Are pointers really faster than arrays? How much do function calls slow things down?
Is ++i faster than i = i + 1?
Precise answers to these and many similar questions depend of course on the processor
and compiler in use. If you simply must know, you'll have to time test programs
carefully. (Often the differences are so slight that hundreds of thousands of iterations
are required even to see them.
For conventional machines, it is usually faster to march through large arrays with
pointers rather than array subscripts, but for some processors the reverse is true.
(Better compilers should generate good code regardless of which notation you use,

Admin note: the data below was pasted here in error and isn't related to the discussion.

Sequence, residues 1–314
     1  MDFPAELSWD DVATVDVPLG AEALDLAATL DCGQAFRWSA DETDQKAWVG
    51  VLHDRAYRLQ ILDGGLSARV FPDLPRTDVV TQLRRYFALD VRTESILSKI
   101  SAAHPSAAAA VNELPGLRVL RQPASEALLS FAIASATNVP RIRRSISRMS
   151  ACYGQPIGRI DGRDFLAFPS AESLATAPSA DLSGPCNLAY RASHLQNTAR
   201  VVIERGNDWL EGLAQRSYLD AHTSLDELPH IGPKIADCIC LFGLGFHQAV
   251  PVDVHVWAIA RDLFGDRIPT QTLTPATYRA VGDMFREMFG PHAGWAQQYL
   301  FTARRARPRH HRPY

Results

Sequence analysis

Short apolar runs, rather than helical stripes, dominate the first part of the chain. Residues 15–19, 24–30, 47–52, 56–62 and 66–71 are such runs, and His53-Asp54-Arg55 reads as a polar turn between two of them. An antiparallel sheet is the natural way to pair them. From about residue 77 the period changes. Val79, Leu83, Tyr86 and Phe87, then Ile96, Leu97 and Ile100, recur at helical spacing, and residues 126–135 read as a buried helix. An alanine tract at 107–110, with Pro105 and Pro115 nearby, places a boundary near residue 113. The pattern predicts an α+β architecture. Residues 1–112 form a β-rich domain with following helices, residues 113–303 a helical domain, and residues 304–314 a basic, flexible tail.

though it's arguably easier for a compiler to convert array indices to pointers
than vice versa .)
Function calls, though obviously incrementally slower than in-line code, contribute
so much to modularity and code clarity that there is rarely good reason to avoid
them. (Actually, by reducing bulk, functions can improve performance.) Also, some
compilers are able to expand small, critical-path functions in-line, either as an
optimization or at the programmer's request.
Before rearranging expressions such as i = i + 1, remember that you are dealing
with a compiler, not a keystroke-programmable calculator. Any decent compiler will
generate identical code for ++i, i += 1, and i = i + 1. The reasons for using ++i
or i += 1 over i = i + 1 have to do with style, not efficiency.